In terrifying news you never even knew you had to be terrified about (in other words, the worst kind of news), EPA officials are working to “shield” radioactive chemicals at a building on the Bushwick-Ridgewood border, the result of a former atomic bomb project site on the property. So, there’s that.
DNAinfo reports that area around 1125-1139 Irving Ave. has been contaminated with thorium since its use by the Wolff-Alport Chemical Company the 1930s, and city officials have known about the problem since a 2007 study turned up signs of radioactivity.
An EPA survey in 2009 reported “no immediate risk to people, but that more evaluation was needed,” but an agency document released last month said, “These waste byproducts were disposed of into a nearby sewer and other wastes may have been buried onsite.”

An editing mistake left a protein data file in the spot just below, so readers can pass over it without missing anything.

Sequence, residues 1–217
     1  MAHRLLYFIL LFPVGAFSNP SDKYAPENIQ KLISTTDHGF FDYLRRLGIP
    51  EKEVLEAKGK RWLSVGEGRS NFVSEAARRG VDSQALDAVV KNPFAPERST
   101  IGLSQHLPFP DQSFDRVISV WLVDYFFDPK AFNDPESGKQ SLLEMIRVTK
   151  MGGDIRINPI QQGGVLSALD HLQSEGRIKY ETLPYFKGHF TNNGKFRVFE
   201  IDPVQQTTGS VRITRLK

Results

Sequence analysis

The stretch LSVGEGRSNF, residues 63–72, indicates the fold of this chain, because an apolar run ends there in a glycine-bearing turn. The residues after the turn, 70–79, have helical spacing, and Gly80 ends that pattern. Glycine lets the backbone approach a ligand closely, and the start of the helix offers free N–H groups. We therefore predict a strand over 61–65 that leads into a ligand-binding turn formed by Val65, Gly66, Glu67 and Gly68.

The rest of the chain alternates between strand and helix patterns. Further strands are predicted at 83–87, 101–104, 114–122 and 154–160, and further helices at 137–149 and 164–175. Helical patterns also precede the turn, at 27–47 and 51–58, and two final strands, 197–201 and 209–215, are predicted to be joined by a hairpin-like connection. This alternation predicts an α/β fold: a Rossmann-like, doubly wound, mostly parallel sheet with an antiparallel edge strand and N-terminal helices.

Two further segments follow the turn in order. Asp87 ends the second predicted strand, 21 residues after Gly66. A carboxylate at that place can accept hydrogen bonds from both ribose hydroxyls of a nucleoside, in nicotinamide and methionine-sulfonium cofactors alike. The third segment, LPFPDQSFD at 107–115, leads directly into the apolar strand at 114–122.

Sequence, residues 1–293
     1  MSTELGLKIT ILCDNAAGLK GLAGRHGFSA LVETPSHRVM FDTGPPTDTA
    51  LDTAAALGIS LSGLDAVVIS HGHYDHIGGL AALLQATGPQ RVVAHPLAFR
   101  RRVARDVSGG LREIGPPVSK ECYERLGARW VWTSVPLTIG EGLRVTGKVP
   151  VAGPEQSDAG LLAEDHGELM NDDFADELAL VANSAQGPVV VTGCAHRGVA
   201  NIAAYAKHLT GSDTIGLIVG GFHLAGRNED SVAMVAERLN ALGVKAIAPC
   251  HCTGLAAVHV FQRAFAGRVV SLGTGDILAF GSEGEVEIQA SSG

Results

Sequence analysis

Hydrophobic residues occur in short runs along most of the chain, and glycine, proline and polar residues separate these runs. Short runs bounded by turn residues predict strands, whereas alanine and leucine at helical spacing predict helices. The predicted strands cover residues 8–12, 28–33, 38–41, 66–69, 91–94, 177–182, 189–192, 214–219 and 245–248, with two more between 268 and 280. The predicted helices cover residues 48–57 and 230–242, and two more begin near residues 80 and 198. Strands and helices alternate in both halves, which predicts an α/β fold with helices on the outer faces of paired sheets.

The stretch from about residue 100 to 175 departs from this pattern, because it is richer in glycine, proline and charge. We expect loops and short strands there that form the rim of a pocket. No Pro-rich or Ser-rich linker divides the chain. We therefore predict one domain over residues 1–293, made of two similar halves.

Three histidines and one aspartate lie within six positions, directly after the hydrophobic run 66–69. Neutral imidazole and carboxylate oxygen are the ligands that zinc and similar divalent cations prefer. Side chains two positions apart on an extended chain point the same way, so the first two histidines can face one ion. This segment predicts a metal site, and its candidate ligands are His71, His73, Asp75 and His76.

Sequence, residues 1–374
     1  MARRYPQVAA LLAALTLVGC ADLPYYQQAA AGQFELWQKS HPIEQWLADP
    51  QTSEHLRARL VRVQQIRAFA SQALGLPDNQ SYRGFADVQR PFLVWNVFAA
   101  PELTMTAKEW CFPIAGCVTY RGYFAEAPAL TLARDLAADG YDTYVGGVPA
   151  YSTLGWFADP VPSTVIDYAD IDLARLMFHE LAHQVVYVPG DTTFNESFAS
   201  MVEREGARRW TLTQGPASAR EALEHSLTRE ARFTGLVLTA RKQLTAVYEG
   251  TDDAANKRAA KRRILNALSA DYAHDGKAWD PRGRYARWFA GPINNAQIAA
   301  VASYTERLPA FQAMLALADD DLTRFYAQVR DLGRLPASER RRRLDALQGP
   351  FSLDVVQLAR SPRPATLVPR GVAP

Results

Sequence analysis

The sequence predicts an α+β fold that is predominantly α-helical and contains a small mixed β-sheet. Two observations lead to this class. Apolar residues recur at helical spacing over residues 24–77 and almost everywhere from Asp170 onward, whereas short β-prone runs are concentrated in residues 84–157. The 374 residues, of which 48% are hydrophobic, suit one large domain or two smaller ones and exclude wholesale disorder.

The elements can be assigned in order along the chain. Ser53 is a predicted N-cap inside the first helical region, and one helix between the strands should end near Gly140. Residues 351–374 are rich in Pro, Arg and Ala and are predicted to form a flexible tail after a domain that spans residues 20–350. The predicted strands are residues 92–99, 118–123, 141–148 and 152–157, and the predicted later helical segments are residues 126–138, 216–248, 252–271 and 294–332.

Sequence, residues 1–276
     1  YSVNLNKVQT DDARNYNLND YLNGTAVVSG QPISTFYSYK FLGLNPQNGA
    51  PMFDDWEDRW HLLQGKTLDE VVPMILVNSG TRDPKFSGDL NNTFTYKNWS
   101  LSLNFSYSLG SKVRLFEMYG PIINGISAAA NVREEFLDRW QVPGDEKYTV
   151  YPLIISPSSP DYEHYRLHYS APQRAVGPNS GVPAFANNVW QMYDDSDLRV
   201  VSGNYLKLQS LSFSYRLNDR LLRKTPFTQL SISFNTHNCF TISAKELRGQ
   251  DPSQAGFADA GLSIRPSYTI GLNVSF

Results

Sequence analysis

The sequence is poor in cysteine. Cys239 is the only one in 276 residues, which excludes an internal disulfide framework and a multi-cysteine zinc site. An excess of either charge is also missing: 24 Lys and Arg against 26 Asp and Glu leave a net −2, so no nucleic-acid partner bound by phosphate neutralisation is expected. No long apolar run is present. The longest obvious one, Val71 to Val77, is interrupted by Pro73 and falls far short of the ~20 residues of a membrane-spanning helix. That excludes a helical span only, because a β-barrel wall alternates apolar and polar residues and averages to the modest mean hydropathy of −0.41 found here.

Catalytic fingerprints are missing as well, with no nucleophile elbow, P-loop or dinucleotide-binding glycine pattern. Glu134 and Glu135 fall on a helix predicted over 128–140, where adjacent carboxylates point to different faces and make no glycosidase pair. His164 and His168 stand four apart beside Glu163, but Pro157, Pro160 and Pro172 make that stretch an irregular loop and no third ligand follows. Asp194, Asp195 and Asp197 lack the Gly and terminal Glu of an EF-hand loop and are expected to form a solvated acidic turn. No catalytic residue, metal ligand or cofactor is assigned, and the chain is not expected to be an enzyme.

Why the insane time lag here, you might ask? No one seems to know, and an EPA official on-site simply said, “We just got a referral from the state to perform shielding Aug. 31.”
Officials are now working to rectify the problem and are even doing precautionary testing at a nearby daycare site, but locals at a recent informational meeting were understandably rattled. “Of course I’m concerned,” said one woman. “We’ve been here 40 years, and they hadn’t said a word.”
So, everything you’ve told yourself not to spend time worrying about may really be true, and we apparently still need to be concerned about problems from the 30s. Maybe let’s check in on the possibility of a second Dust Bowl, while we’re at it.
Follow Virginia K. Smith on Twitter @vksmith.